Dollar signs, yeah I know, it’s what they want

Russ Vitale, simply known as Russ, is an American hip-hop/rap artist slowly emerging from the Atlanta underground rap scene who I feel is seriously underrated. Why I was attracted to his music was hard to figure out at first, and I realized, like every other artist, he was using his individual sound to openly talk about truths some people don’t see or understand. “What They Want” was first released in 2015 and garnered him attention for his blunt response to music labels.

‘Got a chick I call her Lola
She feels like the ocean
Plus she good at charmin’ cobras
I feel like I’m chosen’

There’s no denying these lines had a sexual representation, but they also held a hidden meaning about a girl that calms him and he can easily kick it back with. With this first verse he goes on to rap about the kinds of girls he’d be around and the way they change themselves, not for the better and he can’t really vibe with people who aren’t around him for the right reasons. He also bluntly and, in a cocky manner, raps about how the relationships he has with these girls get others jealous.

‘What they want, what they want, what they want
Dollar signs, yeah I know, it’s what they want
What they want, what they want, what they want
Y’all ain’t fooling me at all’

The chorus was simply and honestly written to blast the music industry for it being a shallow money sucker and controlling artists and their music career. The attention he was starting to gain as a rapper who made his own beats garnered label attention but he wasn’t blind to the possibilities he’d lose by being signed to one.

Big music businesses/labels have grown to be billion dollar business that dominate the market and the independent record labels; unfortunately when independent labels or artists make noise the big labels will swoop in to pick either one to control and gain the percentages from the sales. Russ is one of the many artists not blind to this kind of thing, aiming to make music for his pure passion for it and also gain from it in all kinds of ways possible.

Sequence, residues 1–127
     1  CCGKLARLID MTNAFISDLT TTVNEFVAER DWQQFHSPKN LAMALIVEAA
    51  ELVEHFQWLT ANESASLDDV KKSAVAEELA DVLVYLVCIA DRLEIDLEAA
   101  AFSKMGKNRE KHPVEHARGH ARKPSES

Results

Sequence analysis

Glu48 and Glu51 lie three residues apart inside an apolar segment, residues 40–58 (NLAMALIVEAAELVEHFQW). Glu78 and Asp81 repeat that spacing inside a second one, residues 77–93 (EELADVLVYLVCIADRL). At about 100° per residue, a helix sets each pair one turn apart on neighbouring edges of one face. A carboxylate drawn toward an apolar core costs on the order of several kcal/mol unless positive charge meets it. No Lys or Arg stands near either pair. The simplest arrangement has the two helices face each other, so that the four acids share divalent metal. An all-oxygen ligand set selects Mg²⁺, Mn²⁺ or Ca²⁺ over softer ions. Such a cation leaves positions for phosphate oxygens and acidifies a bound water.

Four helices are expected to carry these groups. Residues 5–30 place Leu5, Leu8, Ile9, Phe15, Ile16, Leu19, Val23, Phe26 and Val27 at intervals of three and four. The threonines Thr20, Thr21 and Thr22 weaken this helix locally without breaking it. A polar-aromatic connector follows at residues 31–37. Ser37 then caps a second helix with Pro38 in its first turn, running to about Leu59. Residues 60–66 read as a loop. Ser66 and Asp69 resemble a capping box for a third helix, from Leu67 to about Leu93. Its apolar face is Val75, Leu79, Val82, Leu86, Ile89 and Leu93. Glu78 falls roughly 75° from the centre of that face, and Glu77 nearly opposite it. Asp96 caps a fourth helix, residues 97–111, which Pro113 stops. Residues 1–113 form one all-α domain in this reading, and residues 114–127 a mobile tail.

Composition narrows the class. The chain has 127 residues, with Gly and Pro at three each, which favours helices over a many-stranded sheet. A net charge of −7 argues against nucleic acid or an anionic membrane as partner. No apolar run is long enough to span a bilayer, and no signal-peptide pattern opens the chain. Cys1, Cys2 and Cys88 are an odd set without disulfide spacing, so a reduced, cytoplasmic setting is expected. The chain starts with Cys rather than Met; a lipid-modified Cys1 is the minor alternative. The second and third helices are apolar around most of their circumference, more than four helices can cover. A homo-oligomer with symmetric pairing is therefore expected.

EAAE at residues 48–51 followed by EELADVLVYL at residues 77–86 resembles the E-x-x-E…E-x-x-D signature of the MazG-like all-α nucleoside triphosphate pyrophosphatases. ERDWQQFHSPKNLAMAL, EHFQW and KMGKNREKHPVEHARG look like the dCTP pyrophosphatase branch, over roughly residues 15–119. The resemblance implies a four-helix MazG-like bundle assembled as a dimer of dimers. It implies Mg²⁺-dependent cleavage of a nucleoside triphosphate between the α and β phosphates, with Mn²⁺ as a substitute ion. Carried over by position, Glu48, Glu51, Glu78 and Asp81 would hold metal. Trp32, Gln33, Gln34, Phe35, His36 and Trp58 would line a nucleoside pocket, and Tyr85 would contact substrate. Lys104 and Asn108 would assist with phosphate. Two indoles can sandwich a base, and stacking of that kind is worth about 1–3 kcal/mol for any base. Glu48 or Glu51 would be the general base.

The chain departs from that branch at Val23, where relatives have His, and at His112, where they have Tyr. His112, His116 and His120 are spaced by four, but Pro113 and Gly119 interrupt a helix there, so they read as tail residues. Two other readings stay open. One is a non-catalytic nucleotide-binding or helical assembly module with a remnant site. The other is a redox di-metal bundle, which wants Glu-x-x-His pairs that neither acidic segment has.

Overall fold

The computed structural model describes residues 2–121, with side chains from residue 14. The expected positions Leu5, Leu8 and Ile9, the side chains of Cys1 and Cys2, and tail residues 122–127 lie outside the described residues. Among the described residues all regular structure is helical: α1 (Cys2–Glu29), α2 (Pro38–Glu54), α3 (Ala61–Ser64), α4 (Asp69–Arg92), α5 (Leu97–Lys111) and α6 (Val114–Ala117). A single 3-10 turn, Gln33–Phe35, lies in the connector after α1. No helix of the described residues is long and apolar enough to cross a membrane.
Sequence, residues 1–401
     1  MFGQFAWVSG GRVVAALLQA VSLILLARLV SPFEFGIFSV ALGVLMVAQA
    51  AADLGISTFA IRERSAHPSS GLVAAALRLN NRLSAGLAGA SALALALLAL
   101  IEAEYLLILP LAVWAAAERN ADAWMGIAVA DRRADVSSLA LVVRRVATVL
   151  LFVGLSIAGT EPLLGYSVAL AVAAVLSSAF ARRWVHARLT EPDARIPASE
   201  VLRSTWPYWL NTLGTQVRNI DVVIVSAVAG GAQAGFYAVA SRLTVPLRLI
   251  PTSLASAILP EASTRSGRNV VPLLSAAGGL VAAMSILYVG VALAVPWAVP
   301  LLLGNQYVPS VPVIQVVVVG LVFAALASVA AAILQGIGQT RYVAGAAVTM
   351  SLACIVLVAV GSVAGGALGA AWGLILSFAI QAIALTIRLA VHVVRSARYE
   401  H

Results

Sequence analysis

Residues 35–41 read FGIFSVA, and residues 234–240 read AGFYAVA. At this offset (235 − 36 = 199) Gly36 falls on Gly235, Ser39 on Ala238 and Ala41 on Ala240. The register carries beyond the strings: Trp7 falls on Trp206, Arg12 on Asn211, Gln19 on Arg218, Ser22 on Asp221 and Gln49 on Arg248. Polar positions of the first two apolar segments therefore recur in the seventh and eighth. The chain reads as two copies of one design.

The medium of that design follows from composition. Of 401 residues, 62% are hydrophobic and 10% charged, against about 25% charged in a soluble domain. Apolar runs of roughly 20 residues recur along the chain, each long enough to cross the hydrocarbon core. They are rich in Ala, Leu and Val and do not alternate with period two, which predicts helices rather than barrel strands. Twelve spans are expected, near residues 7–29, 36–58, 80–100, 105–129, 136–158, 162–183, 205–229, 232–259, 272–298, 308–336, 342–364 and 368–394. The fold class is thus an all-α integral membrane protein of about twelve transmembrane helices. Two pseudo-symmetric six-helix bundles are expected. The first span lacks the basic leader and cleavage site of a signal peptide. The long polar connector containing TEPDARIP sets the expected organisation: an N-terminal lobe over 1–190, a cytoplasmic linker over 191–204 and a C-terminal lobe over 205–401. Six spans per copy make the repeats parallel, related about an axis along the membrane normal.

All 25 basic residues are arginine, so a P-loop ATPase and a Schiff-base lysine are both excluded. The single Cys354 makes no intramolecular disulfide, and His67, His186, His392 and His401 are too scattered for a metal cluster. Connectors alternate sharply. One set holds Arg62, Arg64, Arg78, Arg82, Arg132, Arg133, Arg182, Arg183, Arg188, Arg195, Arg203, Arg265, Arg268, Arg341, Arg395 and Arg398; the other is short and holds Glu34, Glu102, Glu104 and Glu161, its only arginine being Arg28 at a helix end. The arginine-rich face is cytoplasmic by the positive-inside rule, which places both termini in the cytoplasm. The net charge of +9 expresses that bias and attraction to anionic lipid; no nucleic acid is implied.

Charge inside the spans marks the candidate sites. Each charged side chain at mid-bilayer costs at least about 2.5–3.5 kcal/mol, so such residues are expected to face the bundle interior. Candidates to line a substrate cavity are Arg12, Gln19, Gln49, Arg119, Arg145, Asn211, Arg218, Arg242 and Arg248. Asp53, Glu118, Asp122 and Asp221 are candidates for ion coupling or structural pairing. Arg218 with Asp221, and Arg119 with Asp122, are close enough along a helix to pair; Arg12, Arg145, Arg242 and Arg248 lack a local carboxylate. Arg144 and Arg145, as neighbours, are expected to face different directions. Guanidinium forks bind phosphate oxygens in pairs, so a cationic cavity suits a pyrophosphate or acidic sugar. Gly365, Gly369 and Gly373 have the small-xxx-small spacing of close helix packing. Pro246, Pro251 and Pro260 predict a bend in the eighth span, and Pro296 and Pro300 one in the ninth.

‘I been at this shit for 9 years, now they starting to call
I’m a DIY pioneer, they tryna get involved’

Speaking in a Genius YouTube interview, Russ was blunt about his 9-year journey as an independent artist (through Soundcloud and his band, DIEMON, website) wondering when the big guns would see his talent and potential. He adds on that you never know the truth about music labels until you get behind the doors and all your hard will be tightly held on to. He dubs himself the DIY pioneer here to mean that he’s one of the few independent artists who keeps going through the hustle. Majority of this second verse portrays his ability to not give up and defend himself and his art when necessary, with a little ego stroking ‘Taking the shots like Kobe, almost 81’. His third verse goes on to talk about labels that fights over him have to be good enough, offer him a deal worthy of his art ‘It ain’t nothing personal, it’s business and I’m a commodity’, taking a line from The Godfather.

Russ, before the final chorus repeats, honours his grandfather and the stories he was told growing up. Like every single one of us, he looked up to him, referring to him as the boss, because of his strong character and daring things he’d do. He was, however, signed to Columbia records just last year, explaining that they understood his vision the most. I probably loved this song for its vibe at first, and the lyrics just reminded me why all artist, dancers, singers, rappers, visual artists, deserve respect. They are people who work blood, sweat and tears to express their thoughts, visions and emotions through their passions and to connect with society and should never be taken advantage of.

Ines Makuza
Ines is majoring in mass communication. She's a great singer, loves dancing, reading, writing and spending time with her friends.